Property taxpayers asked to help fund CT scanner operation

·2 min read

The new CT scanner at West Nipissing General Hospital goes into service this month and council is being asked to dip into property tax revenues to offset operational costs.

Correspondence from the WNGH Foundation on the agenda for tonight’s council meeting includes a request for up to $7.50 a household per year for 10 years.

Going by the 2016 Census Profile for the municipality, there are 6,281 “private dwellings occupied by usual residents.” If you multiply that by $7.50, that adds up to about $47,000 a year. There are also another 700 private dwellings but it’s unclear if commercial and industrial taxpayers are being asked to chip in as well. Also worth noting, the official request by the foundation to make a presentation to council indicates they are seeking $6.50 per household.

The presentation breaks down the approximate $290,000 annual operating cost for the $1.84-million CT scanner. The service contract is $140,000 annually, salaries and benefits are $110,000, and supplies at $43,000.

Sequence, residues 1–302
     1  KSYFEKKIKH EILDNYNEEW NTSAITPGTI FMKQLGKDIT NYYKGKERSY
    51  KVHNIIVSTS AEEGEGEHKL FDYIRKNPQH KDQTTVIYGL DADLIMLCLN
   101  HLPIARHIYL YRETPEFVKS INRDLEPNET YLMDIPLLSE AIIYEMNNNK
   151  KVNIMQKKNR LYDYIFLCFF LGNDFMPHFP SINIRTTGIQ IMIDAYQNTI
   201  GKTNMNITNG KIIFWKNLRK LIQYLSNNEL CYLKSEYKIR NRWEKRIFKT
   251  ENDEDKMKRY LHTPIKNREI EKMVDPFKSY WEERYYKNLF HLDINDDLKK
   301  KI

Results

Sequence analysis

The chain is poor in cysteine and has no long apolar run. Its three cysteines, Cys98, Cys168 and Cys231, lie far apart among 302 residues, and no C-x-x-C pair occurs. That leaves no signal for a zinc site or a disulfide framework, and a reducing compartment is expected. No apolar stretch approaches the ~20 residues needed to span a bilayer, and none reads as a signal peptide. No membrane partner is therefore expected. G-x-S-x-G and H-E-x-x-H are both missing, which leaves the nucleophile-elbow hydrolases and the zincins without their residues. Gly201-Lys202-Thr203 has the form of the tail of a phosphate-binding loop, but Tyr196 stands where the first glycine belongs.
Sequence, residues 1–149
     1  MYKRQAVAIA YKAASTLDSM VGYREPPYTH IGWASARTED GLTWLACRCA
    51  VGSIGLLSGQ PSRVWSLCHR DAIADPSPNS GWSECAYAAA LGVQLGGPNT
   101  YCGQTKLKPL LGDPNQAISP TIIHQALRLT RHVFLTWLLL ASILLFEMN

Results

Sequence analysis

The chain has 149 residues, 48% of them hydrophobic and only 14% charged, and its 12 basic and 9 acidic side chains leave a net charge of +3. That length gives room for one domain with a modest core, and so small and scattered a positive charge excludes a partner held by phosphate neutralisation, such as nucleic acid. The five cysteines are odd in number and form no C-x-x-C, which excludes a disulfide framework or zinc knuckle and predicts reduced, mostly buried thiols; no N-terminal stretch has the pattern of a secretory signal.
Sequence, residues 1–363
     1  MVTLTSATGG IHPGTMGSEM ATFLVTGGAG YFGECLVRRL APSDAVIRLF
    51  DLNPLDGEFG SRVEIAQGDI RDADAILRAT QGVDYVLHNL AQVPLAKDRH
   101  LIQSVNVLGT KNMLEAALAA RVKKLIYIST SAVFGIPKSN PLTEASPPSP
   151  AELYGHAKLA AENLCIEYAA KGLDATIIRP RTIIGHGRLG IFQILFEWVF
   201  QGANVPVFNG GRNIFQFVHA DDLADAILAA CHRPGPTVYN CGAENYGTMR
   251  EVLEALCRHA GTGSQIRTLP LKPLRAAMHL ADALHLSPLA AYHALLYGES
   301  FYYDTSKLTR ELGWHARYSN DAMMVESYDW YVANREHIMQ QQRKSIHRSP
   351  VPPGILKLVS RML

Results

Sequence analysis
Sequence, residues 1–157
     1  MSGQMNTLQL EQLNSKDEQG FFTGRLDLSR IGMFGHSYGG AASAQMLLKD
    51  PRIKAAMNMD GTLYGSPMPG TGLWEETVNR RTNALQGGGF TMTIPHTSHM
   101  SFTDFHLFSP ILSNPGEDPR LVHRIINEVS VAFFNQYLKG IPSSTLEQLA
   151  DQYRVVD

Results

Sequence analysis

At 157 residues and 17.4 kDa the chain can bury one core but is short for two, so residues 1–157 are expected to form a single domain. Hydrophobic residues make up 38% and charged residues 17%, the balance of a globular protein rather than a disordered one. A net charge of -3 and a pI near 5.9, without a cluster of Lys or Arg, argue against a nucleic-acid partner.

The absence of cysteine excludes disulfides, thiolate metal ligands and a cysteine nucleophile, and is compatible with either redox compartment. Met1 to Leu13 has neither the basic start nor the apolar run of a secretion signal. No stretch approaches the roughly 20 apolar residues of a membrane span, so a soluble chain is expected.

It explains that about 1,500 West Nipissing residents go to the North Bay Regional Health Centre for CT scans every year with patient delays in returning to WNGH range from a few hours to under 12 hours.

The 2020 statement of operations for the hospital notes $27M in revenues and a possible surplus of $102,333, giving it a balanced budget streak stretching 11 years. The surpluses over the past decade financed the CT scanner purchase without the Ministry of Health and Long-term Care financial support.

Among the major donors for the scanner – which was sought for seven years – was the Nipissing Central Region Caisse Alliance, which gave $100,000 in late September.

There are 98 beds in total: 31 for acute care, 19 for complex continuing care, and 48 for interim long-term care. There is also one hospice suite and one palliative care bed that’s unfunded.

Employees number more than 275 with more than 75 credentialed physicians.

Dave Dale is a Local Journalism Reporter with LJI is funded by the Government of Canada.

Dave Dale, Local Journalism Initiative Reporter,